In med-arb, the same person acts as both mediator and arbitrator, typically endeavouring to help the parties settle their dispute in a first mediation phase, then making a binding decision on all unresolved issues in a second arbitration phase.

The process offers parties both flexibility and finality, and . . . [more]

Posted in: Dispute Resolution

Wednesday: What’s Hot on CanLII

Each Wednesday we tell you which three English-language cases and which French-language case have been the most viewed* on CanLII and we give you a small sense of what the cases are about.

For this last week:

1. R. v. Sullivan, 2020 ONCA 333 (CanLII)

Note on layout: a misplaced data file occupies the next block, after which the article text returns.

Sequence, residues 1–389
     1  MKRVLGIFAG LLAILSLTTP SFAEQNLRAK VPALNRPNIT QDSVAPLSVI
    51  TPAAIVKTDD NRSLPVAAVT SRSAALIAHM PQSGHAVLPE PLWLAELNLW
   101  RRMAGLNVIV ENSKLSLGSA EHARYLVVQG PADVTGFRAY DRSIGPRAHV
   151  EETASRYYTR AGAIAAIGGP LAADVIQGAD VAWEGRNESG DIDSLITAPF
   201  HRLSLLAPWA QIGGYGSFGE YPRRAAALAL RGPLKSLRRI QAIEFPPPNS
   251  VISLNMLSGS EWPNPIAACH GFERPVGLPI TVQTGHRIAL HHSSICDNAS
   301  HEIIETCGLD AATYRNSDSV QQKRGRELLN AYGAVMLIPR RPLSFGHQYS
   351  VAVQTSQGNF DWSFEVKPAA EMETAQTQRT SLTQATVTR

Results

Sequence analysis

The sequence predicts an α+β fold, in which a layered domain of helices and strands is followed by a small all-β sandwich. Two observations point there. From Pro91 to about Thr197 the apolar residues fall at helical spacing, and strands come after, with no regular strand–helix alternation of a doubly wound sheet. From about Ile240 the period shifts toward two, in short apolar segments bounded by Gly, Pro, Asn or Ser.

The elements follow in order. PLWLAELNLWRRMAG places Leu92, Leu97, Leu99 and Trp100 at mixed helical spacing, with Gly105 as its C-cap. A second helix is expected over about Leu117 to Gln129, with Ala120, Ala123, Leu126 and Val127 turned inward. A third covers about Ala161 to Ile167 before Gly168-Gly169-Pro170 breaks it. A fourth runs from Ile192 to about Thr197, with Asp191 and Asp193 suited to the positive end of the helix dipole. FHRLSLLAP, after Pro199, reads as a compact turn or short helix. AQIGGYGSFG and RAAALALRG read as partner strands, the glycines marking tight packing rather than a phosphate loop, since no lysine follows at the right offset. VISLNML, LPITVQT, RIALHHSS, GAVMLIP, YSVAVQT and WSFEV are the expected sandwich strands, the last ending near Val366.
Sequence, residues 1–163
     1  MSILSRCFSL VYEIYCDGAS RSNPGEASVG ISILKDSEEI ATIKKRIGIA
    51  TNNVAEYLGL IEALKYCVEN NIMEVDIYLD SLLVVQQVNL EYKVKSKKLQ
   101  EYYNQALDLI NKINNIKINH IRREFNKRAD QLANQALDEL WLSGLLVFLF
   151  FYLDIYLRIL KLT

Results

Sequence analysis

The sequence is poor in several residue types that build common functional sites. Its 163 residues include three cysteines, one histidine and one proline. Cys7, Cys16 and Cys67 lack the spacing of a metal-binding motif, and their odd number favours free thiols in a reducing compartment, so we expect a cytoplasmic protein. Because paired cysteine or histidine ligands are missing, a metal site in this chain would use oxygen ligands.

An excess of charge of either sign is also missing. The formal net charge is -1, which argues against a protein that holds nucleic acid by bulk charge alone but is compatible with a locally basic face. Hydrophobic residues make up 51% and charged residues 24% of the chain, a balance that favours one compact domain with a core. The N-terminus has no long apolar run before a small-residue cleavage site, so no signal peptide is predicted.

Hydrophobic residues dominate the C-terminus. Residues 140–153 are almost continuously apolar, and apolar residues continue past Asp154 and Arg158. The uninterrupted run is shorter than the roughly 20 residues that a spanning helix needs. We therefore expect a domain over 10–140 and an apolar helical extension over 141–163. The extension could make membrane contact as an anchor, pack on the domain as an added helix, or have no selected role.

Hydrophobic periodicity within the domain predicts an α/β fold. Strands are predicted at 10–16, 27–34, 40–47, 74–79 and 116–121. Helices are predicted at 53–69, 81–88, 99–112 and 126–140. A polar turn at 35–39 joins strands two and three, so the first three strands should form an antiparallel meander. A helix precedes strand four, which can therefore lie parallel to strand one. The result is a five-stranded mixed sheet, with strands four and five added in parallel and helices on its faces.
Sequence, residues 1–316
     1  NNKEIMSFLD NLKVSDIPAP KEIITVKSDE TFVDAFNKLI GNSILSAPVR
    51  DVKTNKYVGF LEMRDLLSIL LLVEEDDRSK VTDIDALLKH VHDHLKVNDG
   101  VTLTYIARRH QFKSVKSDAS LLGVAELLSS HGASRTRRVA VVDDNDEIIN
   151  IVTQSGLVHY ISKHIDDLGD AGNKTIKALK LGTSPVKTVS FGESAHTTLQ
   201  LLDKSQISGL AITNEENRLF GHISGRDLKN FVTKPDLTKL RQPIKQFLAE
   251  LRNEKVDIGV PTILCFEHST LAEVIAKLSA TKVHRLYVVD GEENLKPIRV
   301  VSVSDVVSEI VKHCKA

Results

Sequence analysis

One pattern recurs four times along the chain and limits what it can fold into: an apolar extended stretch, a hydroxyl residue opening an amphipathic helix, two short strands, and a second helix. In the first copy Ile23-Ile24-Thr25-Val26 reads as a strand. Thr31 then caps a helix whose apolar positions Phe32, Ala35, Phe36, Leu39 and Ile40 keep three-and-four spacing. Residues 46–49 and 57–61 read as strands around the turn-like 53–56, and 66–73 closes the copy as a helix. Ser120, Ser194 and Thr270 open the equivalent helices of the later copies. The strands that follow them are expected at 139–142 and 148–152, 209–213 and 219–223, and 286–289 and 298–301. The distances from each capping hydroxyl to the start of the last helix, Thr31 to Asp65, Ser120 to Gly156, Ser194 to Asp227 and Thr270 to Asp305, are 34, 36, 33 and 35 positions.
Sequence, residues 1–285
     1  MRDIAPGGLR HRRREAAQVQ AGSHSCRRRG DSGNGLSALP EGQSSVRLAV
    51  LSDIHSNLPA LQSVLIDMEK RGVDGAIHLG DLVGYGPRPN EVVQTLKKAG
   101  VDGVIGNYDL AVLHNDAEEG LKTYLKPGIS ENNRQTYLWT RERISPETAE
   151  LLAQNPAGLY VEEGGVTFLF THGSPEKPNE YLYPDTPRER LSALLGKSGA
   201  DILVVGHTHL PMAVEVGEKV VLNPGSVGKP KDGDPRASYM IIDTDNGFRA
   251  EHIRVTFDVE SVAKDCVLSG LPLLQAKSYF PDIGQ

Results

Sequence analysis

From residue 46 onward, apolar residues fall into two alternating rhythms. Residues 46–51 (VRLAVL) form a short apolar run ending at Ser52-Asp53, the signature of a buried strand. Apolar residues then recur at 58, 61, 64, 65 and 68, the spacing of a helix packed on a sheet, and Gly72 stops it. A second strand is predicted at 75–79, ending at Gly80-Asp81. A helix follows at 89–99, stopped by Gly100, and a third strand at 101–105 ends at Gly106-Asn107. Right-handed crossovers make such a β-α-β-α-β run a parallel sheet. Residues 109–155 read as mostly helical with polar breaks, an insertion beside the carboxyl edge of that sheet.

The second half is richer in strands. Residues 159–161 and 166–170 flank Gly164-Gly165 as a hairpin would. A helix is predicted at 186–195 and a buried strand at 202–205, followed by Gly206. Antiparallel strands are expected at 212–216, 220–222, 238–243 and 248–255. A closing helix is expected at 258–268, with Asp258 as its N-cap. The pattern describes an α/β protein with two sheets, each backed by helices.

[42] The trial judge was correct in finding s. 33.1 to be in prima facie violation of both ss. 7 and 11(d) of the Charter. Section 33.1 violates each of the constitutional principles that were identified by Cory J. for the majority in R. v. Daviault, 1994 CanLII 61 (SCC), [1994] 3 . . . [more]

Posted in: Wednesday: What's Hot on CanLII

Tips Tuesday

Here are excerpts from the most recent tips on SlawTips, the site that each week offers up useful advice, short and to the point, on practice, research, writing and technology.

Research & Writing

Curbside Pick-Up
Neil Guthrie

Who would have thought, back in January, that we’d be doing quite so much of this? It feels like shopping in Bulgaria in the mid 1970s, lining up for the remaining 40-watt bulb on the shelf. If you live in the United Kingdom or other parts of the Commonwealth, you would be doing it at the kerbside. … . . . [more]

Posted in: Tips Tuesday

The Unintended Consequences of Innovation